I don’t believe I ever made a public declaration that I wanted to win the Ross, and I think Al Arbour and [GM] Bill Torrey liked that I was a bit reserved and guarded as to my comments or answers to the press when asked about the race. But it was there and I did give it my very best as I didn’t want to waste the opportunity afforded me by fate, teammates and coach/management. I do remember the Long Island fans loving it as the fan mail was full of well wishers, and I remember Mike Bossy being as proud as a brother when the season ended. “Feels good, huh?” he said. To which I said, “Thanks, Boss!” Enough said. We both knew what the other was thinking. “Couldn’t have done it with out ya!”

A few years ago, I was at an alumni event and a random hockey fan came up to me and told me that I was one of three players in the history of the game to win the Art Ross, the Hart, the Calder, the Conn Smythe, plus the Stanley Cup at least twice. I wouldn’t be in this group if not for Jim Rutherford and a 1979 Islanders team that pushed, supported, encouraged and motivated me.

I wish I knew more about Mr. Ross as a player, coach, manager, innovator, etc. Your research and creative writing will be of great interest. It will be an honor to read the book.

Bryan Trottier

Visions of the Future

At the end of October, shortly after the World Series, I wrote a piece about Lester Patrick’s hockey vision for baseball’s future. With the All-Star Game tonight, we’ll check in on Frank Patrick’s thoughts on how to improve baseball. Frank is widely considered to have been the more inventive of the two Patrick brothers when it came to modern hockey rules, but his future vision for baseball didn’t pan out as well as Lester’s.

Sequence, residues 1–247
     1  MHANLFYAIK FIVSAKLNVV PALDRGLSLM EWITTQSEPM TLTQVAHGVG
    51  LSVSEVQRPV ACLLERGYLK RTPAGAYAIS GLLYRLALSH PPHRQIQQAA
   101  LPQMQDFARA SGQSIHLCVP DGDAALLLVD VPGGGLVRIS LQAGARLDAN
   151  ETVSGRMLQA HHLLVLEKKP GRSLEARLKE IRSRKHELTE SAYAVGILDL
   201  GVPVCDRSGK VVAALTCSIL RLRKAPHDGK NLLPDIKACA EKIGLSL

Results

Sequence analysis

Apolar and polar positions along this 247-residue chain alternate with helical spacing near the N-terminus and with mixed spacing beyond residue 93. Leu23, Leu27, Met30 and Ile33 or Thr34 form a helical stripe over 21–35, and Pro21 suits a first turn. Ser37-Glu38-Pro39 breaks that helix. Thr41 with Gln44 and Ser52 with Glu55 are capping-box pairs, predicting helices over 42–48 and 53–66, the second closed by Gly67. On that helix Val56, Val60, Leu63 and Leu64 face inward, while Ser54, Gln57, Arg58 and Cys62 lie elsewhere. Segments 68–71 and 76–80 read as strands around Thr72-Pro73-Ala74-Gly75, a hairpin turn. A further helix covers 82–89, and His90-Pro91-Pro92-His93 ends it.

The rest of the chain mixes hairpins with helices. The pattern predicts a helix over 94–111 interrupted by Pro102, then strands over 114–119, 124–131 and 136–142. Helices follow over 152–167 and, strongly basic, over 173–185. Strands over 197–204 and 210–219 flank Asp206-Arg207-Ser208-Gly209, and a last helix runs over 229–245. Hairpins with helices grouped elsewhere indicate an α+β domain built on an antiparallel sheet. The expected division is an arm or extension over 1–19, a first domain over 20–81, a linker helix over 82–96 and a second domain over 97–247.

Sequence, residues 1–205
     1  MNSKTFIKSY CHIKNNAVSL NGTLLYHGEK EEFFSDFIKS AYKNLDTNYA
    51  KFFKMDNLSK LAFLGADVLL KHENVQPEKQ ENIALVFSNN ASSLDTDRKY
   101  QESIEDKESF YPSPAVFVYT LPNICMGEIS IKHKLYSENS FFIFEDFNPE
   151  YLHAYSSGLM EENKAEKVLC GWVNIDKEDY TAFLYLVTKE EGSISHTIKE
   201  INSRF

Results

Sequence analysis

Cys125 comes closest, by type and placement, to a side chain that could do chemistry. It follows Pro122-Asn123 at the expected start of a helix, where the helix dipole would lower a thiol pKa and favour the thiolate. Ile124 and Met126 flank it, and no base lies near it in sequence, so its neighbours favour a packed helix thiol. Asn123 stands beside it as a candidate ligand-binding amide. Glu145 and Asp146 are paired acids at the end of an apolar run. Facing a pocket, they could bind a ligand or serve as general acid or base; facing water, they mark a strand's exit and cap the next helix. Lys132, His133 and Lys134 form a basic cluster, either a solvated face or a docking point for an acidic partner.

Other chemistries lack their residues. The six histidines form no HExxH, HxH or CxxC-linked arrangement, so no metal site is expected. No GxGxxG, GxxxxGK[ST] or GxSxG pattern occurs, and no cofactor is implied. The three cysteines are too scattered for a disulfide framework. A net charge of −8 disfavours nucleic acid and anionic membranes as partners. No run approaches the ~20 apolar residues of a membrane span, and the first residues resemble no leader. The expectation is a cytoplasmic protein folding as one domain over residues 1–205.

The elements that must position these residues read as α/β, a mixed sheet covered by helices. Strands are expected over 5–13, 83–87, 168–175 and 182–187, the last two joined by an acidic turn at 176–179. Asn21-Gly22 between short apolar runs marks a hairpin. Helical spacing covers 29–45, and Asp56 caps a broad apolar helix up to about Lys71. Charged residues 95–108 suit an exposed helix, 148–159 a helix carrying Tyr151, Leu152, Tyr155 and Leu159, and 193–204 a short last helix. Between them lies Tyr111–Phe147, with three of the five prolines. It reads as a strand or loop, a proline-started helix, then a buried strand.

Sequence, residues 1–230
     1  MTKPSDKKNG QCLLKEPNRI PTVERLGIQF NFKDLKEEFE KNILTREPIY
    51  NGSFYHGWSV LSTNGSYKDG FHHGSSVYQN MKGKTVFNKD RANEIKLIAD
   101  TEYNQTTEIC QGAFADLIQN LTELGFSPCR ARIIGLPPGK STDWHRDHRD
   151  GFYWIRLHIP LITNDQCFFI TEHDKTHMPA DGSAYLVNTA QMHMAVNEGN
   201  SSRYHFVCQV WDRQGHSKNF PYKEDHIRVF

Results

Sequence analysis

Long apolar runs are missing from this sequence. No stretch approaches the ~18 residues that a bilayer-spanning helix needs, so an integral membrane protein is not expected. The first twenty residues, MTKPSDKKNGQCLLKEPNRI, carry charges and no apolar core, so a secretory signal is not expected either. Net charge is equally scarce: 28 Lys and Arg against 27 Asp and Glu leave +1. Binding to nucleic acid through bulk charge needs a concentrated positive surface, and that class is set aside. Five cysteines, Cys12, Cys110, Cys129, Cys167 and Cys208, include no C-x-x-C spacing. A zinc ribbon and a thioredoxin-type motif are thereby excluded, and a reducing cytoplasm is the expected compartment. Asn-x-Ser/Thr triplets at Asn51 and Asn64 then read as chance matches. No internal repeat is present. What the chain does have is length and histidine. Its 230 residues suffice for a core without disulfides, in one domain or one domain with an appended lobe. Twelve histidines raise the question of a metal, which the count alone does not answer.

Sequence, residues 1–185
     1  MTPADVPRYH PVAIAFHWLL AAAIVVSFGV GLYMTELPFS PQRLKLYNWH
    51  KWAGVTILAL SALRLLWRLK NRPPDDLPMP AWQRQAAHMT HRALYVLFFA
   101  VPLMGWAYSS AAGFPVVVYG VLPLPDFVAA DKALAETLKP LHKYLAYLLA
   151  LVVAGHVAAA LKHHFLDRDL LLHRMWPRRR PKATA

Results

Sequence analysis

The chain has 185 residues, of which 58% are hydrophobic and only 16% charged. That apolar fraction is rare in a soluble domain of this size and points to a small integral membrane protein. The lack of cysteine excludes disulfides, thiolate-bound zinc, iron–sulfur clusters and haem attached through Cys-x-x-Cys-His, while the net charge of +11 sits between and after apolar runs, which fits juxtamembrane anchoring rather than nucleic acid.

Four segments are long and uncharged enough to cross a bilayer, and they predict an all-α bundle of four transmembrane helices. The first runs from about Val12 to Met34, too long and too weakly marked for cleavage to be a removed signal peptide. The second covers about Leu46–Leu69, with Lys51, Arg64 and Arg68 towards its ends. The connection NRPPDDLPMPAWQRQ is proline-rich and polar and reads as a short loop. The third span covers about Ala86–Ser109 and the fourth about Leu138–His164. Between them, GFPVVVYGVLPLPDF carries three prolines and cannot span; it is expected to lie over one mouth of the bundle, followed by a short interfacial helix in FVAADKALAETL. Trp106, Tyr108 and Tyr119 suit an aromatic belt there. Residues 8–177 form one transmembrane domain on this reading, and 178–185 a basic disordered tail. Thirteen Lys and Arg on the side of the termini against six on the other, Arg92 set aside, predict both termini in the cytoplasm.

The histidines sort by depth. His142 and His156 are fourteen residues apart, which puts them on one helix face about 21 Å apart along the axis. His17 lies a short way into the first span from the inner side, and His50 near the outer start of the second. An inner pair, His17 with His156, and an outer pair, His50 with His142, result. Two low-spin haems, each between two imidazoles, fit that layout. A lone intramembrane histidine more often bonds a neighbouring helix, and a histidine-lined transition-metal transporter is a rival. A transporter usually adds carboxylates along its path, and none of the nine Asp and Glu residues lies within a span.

In his column in the Boston Globe on August 5,1953, Victor O. Jones recalled the days of 1934 to 1936, when Frank had served as coach of the Bruins during the depths of the Great Depression.

Bruins 1934-35
The 1934-35 Boston Bruins. Frank Patrick is seated third from the right.
Creator: Leslie Jones, 1886-1967 (photographer).
Publisher: Boston Public Library, Print Department BPL 08_06_011885
Leslie Jones-The Camera Man

He thought baseball could attract more interest if it marked the field a little more elaborately,” Jones recalled. “He want to lay down chalk lines dividing left, center and right field and also proposed that circular lines be drawn at every 100 foot radius from home plate. Frank got this idea from listening to a radio broadcast of a game. He thought if the announcer could say: ‘He hit that one beyond the 300 foot circle,’ the fans would get a better idea of just how far the batter hit the ball.”

Not much of a concern once television replaced radio, but Jones writes of another Frank Patrick brainchild that was much more visionary. “Soon after he came up with another idea – a covered building large enough to play football games inside it, with moveable sections of stands which could be rolled around to provide, from day to day, a field of play for any kind of sport from football and polo to swimming and boxing.”

FP Baseball

Jones wrote that “Frank Patrick went so far as to get an engineer to draw plans for such a stucture,” and that his domed stadium was “entirely possible from the engineering point of view.” Jones notes, however, that this was during the Depression and that “money was scarce.” Still: “Don’t be surprised someday, though, if you see such a structure.”

Interestingly, in his 1980 biography of the clan entitled The Patricks: Hockey’s Royal Family, Eric Whitehead writes that plans for Frank’s dome were drawn up around 1947 or 1948. He applied for copyrights in Ottawa and Washington, but couldn’t find any financial backers. On this one, he was truly ahead of his time.

Frank Patrick died on June 29, 1960. Ground was broken for construction of the Houston Astrodome on January 3, 1962. These days, few true domed stadiums remain, but you’d have to think that Frank would be impressed with the evolution of retractable roof stadiums since the SkyDome opened in 1989.

(NOTE: The front row in the top picture is comprised entirely by future members of the Hockey Hall of Fame. Who can name them all in addition to Frank Patrick?)